The EBU seized the opportunity of a global summit in Seoul, South Korea, last week to call for unity among the world’s broadcasters to defend their precious terrestrial spectrum against continued assault from Telcos for mobile services.
This happened during meetings of both the WBU (World Broadcasting Unions) and the ABU (Asia-Pacific Broadcasting Union) general assemblies, which were held at the same time and place. There was general agreement with the EBU position, extending beyond spectrum to a range of issues where broadcasters globally have similar priorities, against the backdrop of common technical developments and challenges in areas such as smart TV, hybrid TV, and the second screen.
There was also a growing consensus around the idea promoted recently by the DVB (Digital Video Broadcasting) group, as well as the EBU, that the existing four main digital terrestrial variants should converge towards a common global standard in future.
But spectrum was the hottest issue. The EBU’s director of technology and innovation Lieven Vermaele called for joint action in defense of spectrum for broadcasting worldwide, and proposed that the DigiTAG organization might be an ideal forum for such cooperation. The issue of spectrum was also on the agenda of the WBU Technical Committee the previous day, when a recommendation on spectrum use was agreed.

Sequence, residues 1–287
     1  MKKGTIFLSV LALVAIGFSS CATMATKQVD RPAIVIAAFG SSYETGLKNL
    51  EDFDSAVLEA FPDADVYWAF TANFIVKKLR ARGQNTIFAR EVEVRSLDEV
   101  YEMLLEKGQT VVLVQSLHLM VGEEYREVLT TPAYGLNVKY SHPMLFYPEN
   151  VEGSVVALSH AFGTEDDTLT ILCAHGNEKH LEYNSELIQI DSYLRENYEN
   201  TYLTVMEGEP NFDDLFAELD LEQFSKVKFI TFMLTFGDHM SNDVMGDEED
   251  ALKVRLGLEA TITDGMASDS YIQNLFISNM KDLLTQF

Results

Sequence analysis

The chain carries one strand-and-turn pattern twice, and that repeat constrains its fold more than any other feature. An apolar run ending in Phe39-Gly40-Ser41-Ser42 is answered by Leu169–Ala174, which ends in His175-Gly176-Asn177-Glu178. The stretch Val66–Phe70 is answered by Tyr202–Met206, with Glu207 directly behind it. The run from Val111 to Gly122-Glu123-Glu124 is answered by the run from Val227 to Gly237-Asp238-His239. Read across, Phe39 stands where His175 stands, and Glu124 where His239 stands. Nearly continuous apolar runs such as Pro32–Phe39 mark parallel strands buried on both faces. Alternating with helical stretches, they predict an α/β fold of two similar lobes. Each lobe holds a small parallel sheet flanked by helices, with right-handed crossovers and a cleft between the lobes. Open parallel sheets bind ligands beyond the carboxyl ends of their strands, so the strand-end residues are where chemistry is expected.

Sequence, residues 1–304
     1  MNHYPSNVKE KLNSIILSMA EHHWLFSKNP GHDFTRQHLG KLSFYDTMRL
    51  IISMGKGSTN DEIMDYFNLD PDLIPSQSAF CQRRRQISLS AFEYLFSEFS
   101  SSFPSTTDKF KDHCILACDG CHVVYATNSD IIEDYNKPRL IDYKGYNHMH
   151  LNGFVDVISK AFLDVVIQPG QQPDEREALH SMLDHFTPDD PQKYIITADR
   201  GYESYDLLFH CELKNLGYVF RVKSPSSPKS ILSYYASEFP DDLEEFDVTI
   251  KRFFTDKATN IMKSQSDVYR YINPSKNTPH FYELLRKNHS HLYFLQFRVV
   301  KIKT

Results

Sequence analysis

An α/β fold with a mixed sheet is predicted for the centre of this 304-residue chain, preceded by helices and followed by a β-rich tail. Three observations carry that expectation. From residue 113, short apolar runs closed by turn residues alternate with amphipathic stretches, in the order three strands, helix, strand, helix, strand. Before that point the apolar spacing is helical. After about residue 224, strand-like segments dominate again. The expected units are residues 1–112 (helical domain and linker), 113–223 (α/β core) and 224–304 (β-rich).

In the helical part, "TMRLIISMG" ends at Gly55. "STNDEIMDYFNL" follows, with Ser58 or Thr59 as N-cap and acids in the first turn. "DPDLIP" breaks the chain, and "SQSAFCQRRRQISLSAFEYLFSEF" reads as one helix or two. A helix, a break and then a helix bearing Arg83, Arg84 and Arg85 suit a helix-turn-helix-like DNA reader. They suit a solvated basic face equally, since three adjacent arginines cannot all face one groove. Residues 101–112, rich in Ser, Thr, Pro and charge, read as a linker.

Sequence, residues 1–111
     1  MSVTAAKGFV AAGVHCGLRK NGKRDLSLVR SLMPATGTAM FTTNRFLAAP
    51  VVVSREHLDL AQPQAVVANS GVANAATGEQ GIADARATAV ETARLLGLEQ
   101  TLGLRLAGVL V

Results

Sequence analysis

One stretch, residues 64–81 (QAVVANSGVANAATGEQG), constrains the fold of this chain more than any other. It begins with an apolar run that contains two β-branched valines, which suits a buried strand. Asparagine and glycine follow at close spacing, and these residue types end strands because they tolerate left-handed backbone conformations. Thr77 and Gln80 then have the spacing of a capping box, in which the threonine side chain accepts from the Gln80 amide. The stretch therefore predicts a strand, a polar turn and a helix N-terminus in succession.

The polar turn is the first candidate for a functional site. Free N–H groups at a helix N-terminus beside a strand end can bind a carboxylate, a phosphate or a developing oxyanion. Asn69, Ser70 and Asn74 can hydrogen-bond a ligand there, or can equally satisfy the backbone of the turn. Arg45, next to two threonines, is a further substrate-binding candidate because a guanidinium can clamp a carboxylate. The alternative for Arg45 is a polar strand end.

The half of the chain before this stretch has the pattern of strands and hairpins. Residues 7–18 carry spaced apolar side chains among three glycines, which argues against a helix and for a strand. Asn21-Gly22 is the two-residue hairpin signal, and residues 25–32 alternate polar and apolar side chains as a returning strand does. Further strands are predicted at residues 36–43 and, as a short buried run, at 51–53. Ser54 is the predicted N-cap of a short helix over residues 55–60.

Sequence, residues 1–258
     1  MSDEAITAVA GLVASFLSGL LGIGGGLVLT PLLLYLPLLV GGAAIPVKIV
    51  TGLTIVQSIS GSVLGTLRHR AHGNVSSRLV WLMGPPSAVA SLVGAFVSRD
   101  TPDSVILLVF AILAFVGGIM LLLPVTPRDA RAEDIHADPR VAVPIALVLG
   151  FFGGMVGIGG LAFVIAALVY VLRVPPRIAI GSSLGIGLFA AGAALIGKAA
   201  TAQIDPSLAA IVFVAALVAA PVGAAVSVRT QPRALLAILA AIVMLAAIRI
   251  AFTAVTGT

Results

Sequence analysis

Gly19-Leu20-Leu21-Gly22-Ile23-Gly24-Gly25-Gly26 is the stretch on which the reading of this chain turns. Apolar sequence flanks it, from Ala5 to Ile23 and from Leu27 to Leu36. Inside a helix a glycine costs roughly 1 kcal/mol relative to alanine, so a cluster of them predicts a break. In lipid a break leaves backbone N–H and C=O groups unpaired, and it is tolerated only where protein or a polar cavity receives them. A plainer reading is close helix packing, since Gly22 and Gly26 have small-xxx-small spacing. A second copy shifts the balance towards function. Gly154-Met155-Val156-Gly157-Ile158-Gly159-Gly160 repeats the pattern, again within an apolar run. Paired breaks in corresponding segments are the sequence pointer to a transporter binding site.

The message was not lost on Asia Pacific Public Broadcasters, which decided to petition their governments to preserve radio spectrum for matters of 'public interest' when digital switchover takes place. Delegates attending this 49th General Assembly of the Asia-Pacific Broadcasting Union (ABU) in Seoul agreed space on the old analogue radio spectrum should not be sold for short term gain - it should be devoted to the public good.
The EBU has also been arguing that defending spectrum will achieve little unless accompanied by firm commitment from governments of continuing support for public service broadcasting at this time of global uncertainty over its future, especially in counties where public sector budgets are being squeezed. The EBU has warned that if broadcasters’ entire income is linked to the markets, then they are exposed to market fluctuations or failure. Broadcasters must be able to honor their remits while adapting to new consumer demands and technology. If they are to provide high quality and relevant content to the broadest possible audience, then specific, sustainable funding is paramount.
What matters, according to the EBU, is not the funding model, but the amount of money on the table, and its long term sustainability. Revenues must be sufficient, long-term guaranteed and shielded from the vagaries of national politics, the EBU insisted.
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